LuxeGetaways Magazine – Fall/Winter 2017 | Gin has enjoyed a colorful history. Holland is the homeland of gin, where the term “Dutch Courage” was derived from the practice of Dutch sailors taking a sip of gin before battle. Thanks to this courage, it was often said that it was difficult to find a cabin boy sober enough to climb a mast.
Gin became widely adopted in England during the time of England’s King William III, who banned French spirit imports during the Nine Years’ War. During the 1800’s, critics blamed gin drinking for most of England’s social problems, ranging from crime and lawlessness to blind intoxication. During this time, British sailors spread their love of gin to the rest of the world. The British East India Company combined the spirit with quinine. Thus the Gin & Tonic was born as the worlds best tasting anti-malaria medicine.
Since then, the Roaring 20’s brought us bathtub gin. James Bond told us, “Shaken, not stirred.” MadMen TV brought back the two-martini lunch.
The new Renaissance of gin has brought about brand growth to both historic labels like Bombay and Beefeater, and the new boutique and craft gins like Portobello Road Gin. Historically, the dominant botanical used to flavor gin was juniper, but botanicals from 6 categories are used now in gin. These include ingredients like rose hips and cucumbers found in the popular Hendricks gin.
London’s Gin Distilleries and historic bars present an opportunity to trace the Gin Trail and truly appreciate the booming “Gin Scene” around London.
1. DUKES Bar
Author, Ian Fleming was said to frequent DUKES Bar at Dukes London, a boutique London hotel. He was said to get his inspiration for James Bond’s famous line, “Shaken, not stirred” here. Ask for the “Ian Fleming’s Classic Vesper,” the bar’s signature Bond Drink named after Bond girl, Vesper Lynd.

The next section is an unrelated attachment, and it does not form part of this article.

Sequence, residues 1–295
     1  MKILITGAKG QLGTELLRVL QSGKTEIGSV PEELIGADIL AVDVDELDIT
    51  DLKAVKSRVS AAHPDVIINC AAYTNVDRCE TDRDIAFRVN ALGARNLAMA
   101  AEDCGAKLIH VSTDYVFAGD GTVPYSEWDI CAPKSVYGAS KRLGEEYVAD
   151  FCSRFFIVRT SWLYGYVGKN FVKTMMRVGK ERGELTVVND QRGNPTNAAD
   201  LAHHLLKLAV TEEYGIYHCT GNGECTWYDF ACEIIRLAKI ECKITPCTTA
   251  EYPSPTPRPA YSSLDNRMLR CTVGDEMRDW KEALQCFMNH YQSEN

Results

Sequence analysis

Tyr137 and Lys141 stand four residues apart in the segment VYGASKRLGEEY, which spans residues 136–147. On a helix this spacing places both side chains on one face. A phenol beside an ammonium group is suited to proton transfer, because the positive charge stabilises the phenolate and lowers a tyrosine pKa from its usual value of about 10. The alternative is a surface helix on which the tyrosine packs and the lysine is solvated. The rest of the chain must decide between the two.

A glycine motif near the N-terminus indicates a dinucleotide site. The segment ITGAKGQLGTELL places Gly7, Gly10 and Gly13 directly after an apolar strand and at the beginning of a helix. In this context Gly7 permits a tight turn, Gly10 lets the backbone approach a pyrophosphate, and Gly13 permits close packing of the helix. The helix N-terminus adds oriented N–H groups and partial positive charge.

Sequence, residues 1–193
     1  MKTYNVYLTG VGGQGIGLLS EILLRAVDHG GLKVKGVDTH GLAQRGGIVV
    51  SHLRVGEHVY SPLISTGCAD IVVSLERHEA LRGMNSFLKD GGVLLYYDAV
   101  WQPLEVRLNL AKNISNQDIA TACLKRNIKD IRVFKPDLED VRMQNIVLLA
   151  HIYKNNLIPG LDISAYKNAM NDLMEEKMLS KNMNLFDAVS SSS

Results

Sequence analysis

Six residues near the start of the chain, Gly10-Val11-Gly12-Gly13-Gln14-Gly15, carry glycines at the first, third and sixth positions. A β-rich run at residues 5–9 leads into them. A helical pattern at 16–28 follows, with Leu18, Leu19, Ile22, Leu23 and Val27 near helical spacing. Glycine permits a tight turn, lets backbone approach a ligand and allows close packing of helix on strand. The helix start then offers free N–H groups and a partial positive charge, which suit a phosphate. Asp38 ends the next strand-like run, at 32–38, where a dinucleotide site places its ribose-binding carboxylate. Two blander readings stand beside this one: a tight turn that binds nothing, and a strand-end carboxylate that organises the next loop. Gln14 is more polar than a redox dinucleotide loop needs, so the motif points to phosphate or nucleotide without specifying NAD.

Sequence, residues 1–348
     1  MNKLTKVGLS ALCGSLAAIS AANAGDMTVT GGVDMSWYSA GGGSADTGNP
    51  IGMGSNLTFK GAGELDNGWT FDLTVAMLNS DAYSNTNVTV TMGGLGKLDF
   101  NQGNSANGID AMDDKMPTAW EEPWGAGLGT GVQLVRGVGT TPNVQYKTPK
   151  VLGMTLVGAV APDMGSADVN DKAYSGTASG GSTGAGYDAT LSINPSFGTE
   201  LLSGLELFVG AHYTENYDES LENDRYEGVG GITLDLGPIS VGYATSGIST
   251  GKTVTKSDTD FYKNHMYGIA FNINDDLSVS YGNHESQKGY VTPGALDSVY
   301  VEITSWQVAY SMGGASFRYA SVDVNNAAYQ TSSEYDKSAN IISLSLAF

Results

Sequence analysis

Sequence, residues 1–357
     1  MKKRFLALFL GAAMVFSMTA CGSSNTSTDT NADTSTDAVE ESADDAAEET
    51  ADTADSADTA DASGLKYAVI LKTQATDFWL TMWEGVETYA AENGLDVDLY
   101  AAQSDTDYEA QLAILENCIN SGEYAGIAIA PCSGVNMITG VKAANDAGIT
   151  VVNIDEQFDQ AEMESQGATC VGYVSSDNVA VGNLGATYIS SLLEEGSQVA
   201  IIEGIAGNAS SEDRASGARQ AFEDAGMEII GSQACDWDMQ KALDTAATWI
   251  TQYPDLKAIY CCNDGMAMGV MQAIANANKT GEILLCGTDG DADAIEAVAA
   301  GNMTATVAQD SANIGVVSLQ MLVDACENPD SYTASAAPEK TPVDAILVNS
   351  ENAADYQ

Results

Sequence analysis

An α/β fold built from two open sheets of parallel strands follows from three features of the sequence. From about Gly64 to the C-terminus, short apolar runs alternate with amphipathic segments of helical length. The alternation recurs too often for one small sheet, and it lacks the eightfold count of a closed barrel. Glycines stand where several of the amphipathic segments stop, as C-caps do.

2. Beefeater Distillery
The Beefeater Distillery and museum tour brings gin’s history to life. Gin Lane, William Hogarth’s famous 1751 painting depicting the evils of drinking gin adorns one wall. A replica of a Hogarthian street brings to life the days of the 18th century gin-drinking era. Beefeater Gin was named after the Yeoman guards of the Tower of London, and the company still throws a large Christmas party for the guards each year. The recipe for Beefeater Gin is a closely guarded secret by Desmond Payne, Master Distiller, and one of the most experienced Ginsmiths in the world. You are invited to complete the Beefeater tour with a complementary Beefeater Gin & Tonic.
3. The London Gin Club
The London Gin Club, one of Soho’s oldest establishments, boasts a “Ginventory” of over 300 premium and super-premium gins. They pride themselves on their Gin & Tonic served in a Copa glass over cracked ice, and then garnished to individual tastes with unusual garnishes like strawberry, rosemary and other distinct flavors.
In 2009, two childhood friends set up the first traditional copper distillery since 1820. The small stills are named Prudence (the 1st), Constance, and Patience – the three copper ladies. Small batches are handcrafted to create a V.J.O.P (a Very Junipery Over-Proof gin). The swan motif on the Sipsmith mark is a reference to the “swan’s neck” pipe where the spirit vapors turn above the still.
5. Portobello Road Gin and The Ginstitute
Portobello Road Gin is leading the current “ginaissance” with a multi-botanical juniper-forward profile. This gin was originally developed at The Ginstitute above the Portobello Star Pub in London on London’s world-famous Portobello Road. The Ginstitute houses a unique collection of gin related memorabilia; and it hosts history classes on gin, where “Ginterns” develop their own bespoke gin and walk away with a full size bottle of their signature gin. The custom recipe is even retained for future reorders.
Premium gins now have the potential to gain a cult following similar to the cult following of single malt Scotch. Today’s ambitious and skilled bartenders admire the complex flavors and bouquets of gin. With the cocktail culture expanding, this is the Golden Age for gin. The Gin Guild estimates there are now 233 gin distilleries in the United Kingdom, and you too can discover your favorites on the London Gin Trail.
Wine and Spirit Trade Association http://www.wsta.co.uk
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